Mark Kleinschmidt: Brokering a Shared Vision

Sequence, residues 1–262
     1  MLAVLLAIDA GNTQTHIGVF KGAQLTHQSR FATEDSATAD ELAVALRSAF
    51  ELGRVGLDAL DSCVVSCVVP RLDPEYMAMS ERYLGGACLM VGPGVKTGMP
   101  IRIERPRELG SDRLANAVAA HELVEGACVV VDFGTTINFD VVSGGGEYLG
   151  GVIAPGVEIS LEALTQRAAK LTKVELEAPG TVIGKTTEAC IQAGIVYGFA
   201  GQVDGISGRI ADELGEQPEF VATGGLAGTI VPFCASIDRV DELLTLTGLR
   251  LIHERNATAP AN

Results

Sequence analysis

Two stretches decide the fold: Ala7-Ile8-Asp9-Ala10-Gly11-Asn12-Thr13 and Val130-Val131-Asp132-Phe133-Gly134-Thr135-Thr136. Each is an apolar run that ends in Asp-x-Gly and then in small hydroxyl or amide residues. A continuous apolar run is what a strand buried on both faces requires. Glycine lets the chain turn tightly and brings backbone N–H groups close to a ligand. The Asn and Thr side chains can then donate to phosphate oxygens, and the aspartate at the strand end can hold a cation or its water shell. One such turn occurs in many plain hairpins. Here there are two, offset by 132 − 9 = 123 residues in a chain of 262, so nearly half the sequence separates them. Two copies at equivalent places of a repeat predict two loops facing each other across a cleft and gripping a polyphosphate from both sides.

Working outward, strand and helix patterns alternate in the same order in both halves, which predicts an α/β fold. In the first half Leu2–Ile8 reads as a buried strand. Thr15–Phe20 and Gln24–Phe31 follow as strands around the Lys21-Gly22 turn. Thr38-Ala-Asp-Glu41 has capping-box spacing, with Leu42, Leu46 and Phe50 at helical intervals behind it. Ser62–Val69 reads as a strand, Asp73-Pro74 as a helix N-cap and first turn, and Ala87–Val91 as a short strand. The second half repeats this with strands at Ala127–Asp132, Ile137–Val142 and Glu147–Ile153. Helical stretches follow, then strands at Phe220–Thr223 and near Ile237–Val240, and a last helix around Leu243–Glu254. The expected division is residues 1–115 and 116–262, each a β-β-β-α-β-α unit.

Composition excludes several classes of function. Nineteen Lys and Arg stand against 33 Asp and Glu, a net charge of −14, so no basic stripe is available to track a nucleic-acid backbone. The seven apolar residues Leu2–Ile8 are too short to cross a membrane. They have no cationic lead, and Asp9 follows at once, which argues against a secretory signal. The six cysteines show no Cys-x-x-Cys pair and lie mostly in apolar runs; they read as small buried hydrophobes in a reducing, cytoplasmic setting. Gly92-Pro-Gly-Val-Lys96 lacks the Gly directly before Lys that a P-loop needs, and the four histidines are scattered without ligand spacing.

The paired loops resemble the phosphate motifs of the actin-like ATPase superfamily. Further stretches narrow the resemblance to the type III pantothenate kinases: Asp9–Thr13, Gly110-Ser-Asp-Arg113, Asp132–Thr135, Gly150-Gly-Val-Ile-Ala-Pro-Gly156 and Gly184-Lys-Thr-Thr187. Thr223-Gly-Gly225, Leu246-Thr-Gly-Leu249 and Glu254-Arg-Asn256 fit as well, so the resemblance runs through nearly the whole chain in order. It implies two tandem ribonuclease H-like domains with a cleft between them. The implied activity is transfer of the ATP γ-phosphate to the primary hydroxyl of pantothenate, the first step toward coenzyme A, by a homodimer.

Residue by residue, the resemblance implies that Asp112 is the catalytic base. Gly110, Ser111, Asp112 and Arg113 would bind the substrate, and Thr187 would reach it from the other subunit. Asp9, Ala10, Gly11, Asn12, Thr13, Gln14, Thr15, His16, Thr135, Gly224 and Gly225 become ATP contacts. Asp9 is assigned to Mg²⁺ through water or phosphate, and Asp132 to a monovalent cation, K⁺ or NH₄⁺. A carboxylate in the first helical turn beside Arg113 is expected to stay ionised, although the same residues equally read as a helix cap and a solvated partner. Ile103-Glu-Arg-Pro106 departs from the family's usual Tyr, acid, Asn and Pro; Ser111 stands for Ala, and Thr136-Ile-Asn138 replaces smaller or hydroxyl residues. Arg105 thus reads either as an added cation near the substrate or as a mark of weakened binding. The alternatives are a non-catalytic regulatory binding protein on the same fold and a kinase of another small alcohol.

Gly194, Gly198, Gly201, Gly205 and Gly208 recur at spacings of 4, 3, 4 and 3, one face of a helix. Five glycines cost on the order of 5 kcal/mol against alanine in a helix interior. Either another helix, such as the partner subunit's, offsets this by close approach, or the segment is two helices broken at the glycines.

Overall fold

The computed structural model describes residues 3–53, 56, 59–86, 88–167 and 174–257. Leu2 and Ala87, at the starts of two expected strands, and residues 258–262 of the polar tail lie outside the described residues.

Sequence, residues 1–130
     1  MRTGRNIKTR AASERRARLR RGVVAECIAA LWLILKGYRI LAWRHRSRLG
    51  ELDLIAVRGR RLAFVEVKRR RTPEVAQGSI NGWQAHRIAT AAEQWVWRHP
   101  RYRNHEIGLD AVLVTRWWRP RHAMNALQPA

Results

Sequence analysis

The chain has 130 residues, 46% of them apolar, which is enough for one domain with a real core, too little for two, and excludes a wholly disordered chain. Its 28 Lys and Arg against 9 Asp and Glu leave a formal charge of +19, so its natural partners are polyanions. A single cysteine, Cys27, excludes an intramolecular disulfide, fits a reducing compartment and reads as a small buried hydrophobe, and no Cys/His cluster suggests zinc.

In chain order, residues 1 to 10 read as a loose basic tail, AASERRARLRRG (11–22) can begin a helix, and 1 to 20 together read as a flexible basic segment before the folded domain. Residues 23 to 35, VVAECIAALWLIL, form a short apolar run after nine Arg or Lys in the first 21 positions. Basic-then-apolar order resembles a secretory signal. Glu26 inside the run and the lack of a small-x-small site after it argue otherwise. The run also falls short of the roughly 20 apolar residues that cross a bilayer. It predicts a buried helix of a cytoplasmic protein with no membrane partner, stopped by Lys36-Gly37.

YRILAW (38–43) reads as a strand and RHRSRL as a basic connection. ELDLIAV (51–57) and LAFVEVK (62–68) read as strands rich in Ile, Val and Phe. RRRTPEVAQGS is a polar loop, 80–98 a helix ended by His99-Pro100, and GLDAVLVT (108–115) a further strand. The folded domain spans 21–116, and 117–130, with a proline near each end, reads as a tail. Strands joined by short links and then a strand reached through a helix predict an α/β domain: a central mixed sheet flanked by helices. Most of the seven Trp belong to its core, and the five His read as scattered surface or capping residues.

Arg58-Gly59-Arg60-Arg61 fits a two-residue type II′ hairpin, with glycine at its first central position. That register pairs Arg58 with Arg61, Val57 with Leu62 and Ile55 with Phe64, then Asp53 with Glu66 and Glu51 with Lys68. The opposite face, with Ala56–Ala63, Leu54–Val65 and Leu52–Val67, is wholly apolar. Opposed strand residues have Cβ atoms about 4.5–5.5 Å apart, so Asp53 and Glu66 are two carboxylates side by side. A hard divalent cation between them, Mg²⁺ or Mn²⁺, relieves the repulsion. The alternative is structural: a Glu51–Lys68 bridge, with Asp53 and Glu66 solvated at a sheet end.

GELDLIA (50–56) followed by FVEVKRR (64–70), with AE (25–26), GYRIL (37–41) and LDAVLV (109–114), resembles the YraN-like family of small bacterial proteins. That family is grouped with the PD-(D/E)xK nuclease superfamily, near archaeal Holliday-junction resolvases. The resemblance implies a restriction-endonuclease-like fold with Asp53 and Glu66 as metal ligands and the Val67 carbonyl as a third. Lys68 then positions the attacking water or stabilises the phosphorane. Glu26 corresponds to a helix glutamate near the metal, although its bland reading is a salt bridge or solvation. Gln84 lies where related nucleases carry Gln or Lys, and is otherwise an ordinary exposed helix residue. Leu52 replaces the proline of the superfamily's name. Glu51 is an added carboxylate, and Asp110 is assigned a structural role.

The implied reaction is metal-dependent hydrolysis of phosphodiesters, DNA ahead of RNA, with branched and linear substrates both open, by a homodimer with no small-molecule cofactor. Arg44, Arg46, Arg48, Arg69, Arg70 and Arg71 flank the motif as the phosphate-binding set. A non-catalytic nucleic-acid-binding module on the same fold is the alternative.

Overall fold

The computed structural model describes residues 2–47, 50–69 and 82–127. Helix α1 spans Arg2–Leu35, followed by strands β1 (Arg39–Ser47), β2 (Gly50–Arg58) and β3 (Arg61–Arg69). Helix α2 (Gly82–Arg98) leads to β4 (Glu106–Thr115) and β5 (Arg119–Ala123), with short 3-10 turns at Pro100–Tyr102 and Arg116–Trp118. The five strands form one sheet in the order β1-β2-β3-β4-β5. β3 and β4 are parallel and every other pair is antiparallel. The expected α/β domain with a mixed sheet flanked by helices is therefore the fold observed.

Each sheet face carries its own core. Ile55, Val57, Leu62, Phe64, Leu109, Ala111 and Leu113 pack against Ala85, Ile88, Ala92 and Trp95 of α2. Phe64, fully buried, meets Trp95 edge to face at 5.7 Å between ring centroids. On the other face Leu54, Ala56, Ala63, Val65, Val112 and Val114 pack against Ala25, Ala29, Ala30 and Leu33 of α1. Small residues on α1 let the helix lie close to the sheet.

When NightHawk Radiology, Coeur d’Alene, Idaho, purchased the business infrastructure of St Paul Radiology in the summer of 2007, the entire industry took notice. In purchasing what is widely acknowledged to be one of radiology’s best business operations, NightHawk also acquired one of its strongest leaders in Mark Kleinschmidt, St Paul’s former CEO and recently named VP of sales for NightHawk. caught up with Kleinschmidt to discover why this marriage was brokered and exactly what it has wrought. With the acquisition of the St Paul Radiology business infrastructure by NightHawk Radiology Services and a subsequent deal in which CML Healthcare acquired ARS, you appear to have set a trend. Why are radiology business offices such attractive assets in this market? Kleinschmidt: I believe that successful, efficient operators are always going to be attractive. In both cases that you mention, it’s really a case of high-quality radiologists, as well as an efficient, well-run business office, that make the difference. I wouldn’t say it’s the back office alone, but really the combination of those two that makes the practices look worthwhile. As the CEO of St Paul, you played a key role in building the business side of the practice. What was your background before arriving at St Paul, and what were your objectives in taking the job? Kleinschmidt: I’ve been in radiology for 20 years, since 1988, and most of that time I spent consulting with groups, looking to improve their back offices, if you will, and the whole business side of their practices. I worked with several dozen groups throughout the country over that period of time, and got to understand the nuts and bolts of radiology business operations. That was the background in coming to St Paul. I really wanted to build on St Paul Radiology’s 80-year tradition of providing high-quality radiology services—to maintain, grow, and continue that tradition they had—but also to use technology to begin to improve the efficiency and quality of service provided by St Paul Radiology, and to make St Paul Radiology an innovative leader in radiology. Tell us about the strength and experience of your leadership team. Kleinschmidt: We’ve always had strong physician leadership. In fact, in the nine years I spent there, there were only two physician leaders during that time, so there was always strong continuity, but also in terms of the business people, the key leaders have all been there a minimum of five years. There’s stability in leadership, along with people who want to be there. Obviously, professionals have options, so these are people who chose to join us and then to stay. What are the key components that make a great radiology business operation? Kleinschmidt: I think you need strong leadership, and I think you’ve also got to set clear expectations. Everybody needs to understand the goals and to follow them. Then, you need to get out of the way and let them do their jobs. You need people who are detail-oriented, people who have a real can-do attitude about improving what they do, and people who are focused on being as efficient as they can be. There are a handful of sophisticated radiology business offices in the market today. What do you think attracted NightHawk to St Paul? Kleinschmidt: I think they saw a premier radiology group in St Paul Radiology. St Paul was the largest private practice in the country, at the time, and had always been innovative and entrepreneurial, and that was attractive to NightHawk. There is a demonstrated long-term track record of success, so they had the confidence they were buying into a successful organization. At the end of the day, what cinched the deal is that both organizations had a shared vision of where radiology was going, and that led to the collaboration that we reached now. We are following the same vision; we’ve got the same dream. What is that shared vision? Kleinschmidt: What we see happening is that radiology continues to become much more complex and sophisticated, and it increasingly requires subspecialty orientation to the delivery of care. Unlike the old days, when the radiologist had to travel to where the exam was performed because it was all analog and film based, now, with technology, we can deliver the exams to where the subspecialty radiologists are. I think that the vision St Paul had, and that NightHawk has today, is to bring together the best and brightest radiologists from throughout the country and build an organization that is focused on high-quality services in an efficient manner, using technology to assist the radiologists to become even more efficient. What is your vision for how NightHawk will use this new business asset with its existing customers? Kleinschmidt: One of the things that I have said is that I don’t want to see this just become another billing service. Instead, what we want to do is offer billing services in conjunction with other services that NightHawk offers. For example, if there is a radiology group that needs nighttime reads or even subspecialty reads, we can package that together—business-office services with the professional services that the radiologists offer—and do so in a package to help differentiate ourselves from the other players in the marketplace. Our vision, though, is also to offer an alternative for radiology groups that want NightHawk and its affiliated radiologists to perform final interpretations (in a model where the radiology group reading it and NightHawk can actually bill the patients and/or their insurance directly for those exams, rather than billing them on a fee-per-exam basis). It gives us a little more flexibility, so that NightHawk then can be viewed as an extension of that local radiology group’s practice and can be paid on the same basis on which the radiologist gets paid, which is billing and collecting for its own services that it performs. Now that you are a NightHawk executive, how has your role changed? Kleinschmidt: I now am taking a more national view of things. At St Paul Radiology, we were most concerned with the Greater Twin Cities area and the upper Midwest; NightHawk, now, has allowed me to step back and take a broader view of what is happening throughout the country. Most recently, I have also been given the opportunity to lead the NightHawk sales force. That is really designed to have our salespeople understand radiology group practice better—to get into those accounts and really make sure we are providing services that meet their needs, rather than simply providing a single product that had been traditionally offered (which was the preliminary read product). We are now extending that, and it requires people to have a greater understanding of the radiology marketplace in order to understand their needs. I now am assisting the sales force to move them in that direction. What is the most important way in which you intend to add value to NightHawk’s business operations? Kleinschmidt: NightHawk has a lot of talented people here, so I don’t pretend to have a special skill that can enhance things to a great degree. I guess my contributions are to add my voice to the mix, and to make sure my years of experience working on the radiology-group side can assist NightHawk in designing its products and services to meet the needs of those radiology groups. What are the business tools St Paul has that can be leveraged for other practices? Kleinschmidt: I expect that we will get more involved in radiology-group management, particularly with smaller groups that are located outside urban areas and that really need and want leadership to take them forward. It requires someone who understands the needs of small groups, too, and that’s an area in which I suspect we will play an increasing role. I also think that the wealth of data we have amassed over the years at St Paul could be of immense value to other NightHawk customers: to help them set up best practices, to design ways to be more efficient, and to automate processes that had previously been manual. I think the experience that St Paul (and now NightHawk) has in those areas and the data that it has amassed are going to be immensely useful as other groups look to model themselves on what St Paul has done. The tools are important, but without strong leadership they can’t be effectively applied. What are the three most important rules you use to lead? Kleinschmidt: They are, first, to establish a clear vision of where we are going; second, to build a strong team around you (and not to be afraid to hire people who are smarter than you are); and third, probably, to take risks—to lead the market. Who or what has most influenced your style of leadership? Kleinschmidt: I’d have to say, probably, my parents. They always said, "Do the right thing; change the world." They said things like, "Know what you stand for and stick to your principles. Don’t take yourself too seriously." I think those are all things that have helped me, and those are all traits that I clearly picked up from my parents.